Sadly, the Phillies will not be repeating as champions of baseball as they fell to the Yankees in six games. Apparently, asking Pedro Martinez to shut down the Yankees twice in one series was too much to ask. And in hindsight, relying on a pitcher who was unemployed at midseason to neutralize the best lineup in the AL may have been a bad strategy. Despite my disappointment, I’m not going to let one loss ruin the season for me. I have not gotten to the point where I can just turn my nose up at National League Championships. For all their flaws, this was one of the best Phillies teams ever, and will ultimately be remembered fondly.
So why are the Phillies not celebrating back to back titles? The biggest reason is that the Yankees had a good team. They have an incredibly deep lineup, and while their pitchers didn’t do amazingly, (aside from Mariano Rivera) they pitched well enough to win. And on the other hand, the Phillies clearly did not play up to their capabilities. Here were the largest factors:
1. Cole Hamels and Brad Lidge were not the Hamels and Lidge of 2008 – These two pitchers were perhaps the biggest reasons the Phillies won the World Series in 2008. And all season, they could not come close to recapturing their success. Perhaps last season took too much of a toll on both of them. They had heavy workloads, followed up by short offseasons with lots of distractions. Everyone hoped that despite their shaky regular seasons, they could recapture the magic in the postseason. And to an extent, through the first two rounds of the playoffs they had, or at least their damage was minimized. Sadly, they both had breakdowns in the World Series and each cost the Phillies a game.
With Lidge, the Phillies kind of expected it, and only used him in a key situation in game four when they had no other chance. And to be fair, his demise was partially brought upon by a fluky baserunning play. On the other hand, they needed Hamels to pitch well. They got him a 3-0 in game three, but he couldn’t hold it, and after Alex Rodriguez’s weak home run (It hit off a camera in the field of play. Congrats, A-Rod. You just hit the cheapest homer in World Series history) he fell apart. You can’t have your second best starter come up small in the World Series if you want to win.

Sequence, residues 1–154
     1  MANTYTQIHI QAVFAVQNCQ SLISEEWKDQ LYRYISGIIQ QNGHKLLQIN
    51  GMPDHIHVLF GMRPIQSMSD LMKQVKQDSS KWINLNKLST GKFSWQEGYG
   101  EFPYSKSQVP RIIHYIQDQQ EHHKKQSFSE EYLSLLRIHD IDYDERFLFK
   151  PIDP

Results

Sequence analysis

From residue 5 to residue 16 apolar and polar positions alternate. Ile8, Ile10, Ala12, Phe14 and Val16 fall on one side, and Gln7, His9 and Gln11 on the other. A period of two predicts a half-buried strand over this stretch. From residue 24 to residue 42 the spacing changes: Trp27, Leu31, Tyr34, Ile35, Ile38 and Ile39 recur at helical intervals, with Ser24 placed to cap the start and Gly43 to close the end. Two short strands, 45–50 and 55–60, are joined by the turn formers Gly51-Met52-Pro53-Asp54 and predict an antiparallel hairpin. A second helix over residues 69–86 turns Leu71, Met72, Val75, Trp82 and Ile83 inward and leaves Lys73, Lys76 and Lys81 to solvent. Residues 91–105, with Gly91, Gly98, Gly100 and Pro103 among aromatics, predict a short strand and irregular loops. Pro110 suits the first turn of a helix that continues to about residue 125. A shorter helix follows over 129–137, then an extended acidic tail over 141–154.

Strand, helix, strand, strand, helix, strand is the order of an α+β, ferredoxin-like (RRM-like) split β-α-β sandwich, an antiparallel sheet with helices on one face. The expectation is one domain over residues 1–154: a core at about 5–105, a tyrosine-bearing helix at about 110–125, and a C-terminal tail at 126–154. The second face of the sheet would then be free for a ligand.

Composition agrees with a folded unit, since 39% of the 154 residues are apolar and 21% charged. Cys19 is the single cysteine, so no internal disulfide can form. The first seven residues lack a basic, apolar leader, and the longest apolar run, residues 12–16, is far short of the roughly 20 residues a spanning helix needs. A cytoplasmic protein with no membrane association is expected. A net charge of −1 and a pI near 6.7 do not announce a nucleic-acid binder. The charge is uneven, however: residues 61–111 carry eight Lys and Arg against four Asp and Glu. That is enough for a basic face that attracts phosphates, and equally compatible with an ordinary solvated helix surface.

I’m not going to kill either guy since they did bring us a championship last year. But both guys desperately needed the season to end and to get a fresh start next year. Hamels even said as much in an interview after his loss in game three, which came across as him quitting on the team. Let’s just say there will probably be a lot fewer babies named Cole this year than there was last year.
2. Poor hitting – While the Phillies may have had one of the best offenses in baseball, they could also be very inconsistent. This was a trend all season long, and the problem was easy to see in the World Series.
To start, their top two hitters need to get on base consistently and Jimmy Rollins and Shane Victorino didn’t do that. In contrast, the Yankees top two of Derek Jeter and Johnny Damon were getting on base quite a bit, and that made a huge difference.
On the occassions when the Phillies did have runners on, they had trouble delivering a big hit. On several occassions, they had Yankees pitchers in some trouble, but had difficulty delivering a knockout blow. Instead, we’d get strikeouts and double plays. It kind of reminded me of how the Rays hit in similar situations in the 2008 Series.
The Phillies hit a decent amount of home runs in the series, but almost all of them were solo home runs. Chase Utley epitomized this problem. While he tied the World Series record of five home runs, I can’t really say he had a good series. Four of his five homers were solo, and while they did help the Phillies win two games, in the other three games, Utley came up small in some big spots. After hitting into only five double plays in the regular season, Utley hit into two in this series. And both came when it looked like the Phillies might be mounting a big comeback.